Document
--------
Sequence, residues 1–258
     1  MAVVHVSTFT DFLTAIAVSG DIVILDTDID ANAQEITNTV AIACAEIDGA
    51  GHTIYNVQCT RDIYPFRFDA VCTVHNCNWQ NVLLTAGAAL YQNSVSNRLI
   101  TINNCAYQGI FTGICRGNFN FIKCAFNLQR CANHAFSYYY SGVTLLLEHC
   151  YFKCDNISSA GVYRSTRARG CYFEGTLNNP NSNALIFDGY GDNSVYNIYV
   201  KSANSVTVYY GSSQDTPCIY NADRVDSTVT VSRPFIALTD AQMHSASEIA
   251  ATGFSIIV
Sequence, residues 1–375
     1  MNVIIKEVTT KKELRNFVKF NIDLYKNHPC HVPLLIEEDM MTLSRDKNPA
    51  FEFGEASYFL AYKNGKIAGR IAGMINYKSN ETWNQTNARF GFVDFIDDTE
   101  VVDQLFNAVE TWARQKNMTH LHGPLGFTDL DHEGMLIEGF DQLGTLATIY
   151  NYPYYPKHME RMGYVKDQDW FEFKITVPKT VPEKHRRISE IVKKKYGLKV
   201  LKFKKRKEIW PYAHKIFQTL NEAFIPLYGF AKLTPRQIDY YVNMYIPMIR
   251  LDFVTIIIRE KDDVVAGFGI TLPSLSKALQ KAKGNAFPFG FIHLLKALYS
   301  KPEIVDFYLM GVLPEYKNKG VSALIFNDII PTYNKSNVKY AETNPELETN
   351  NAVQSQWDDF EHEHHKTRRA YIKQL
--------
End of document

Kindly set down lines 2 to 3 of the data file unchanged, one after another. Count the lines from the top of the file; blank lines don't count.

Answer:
     1  MAVVHVSTFT DFLTAIAVSG DIVILDTDID ANAQEITNTV AIACAEIDGA
    51  GHTIYNVQCT RDIYPFRFDA VCTVHNCNWQ NVLLTAGAAL YQNSVSNRLI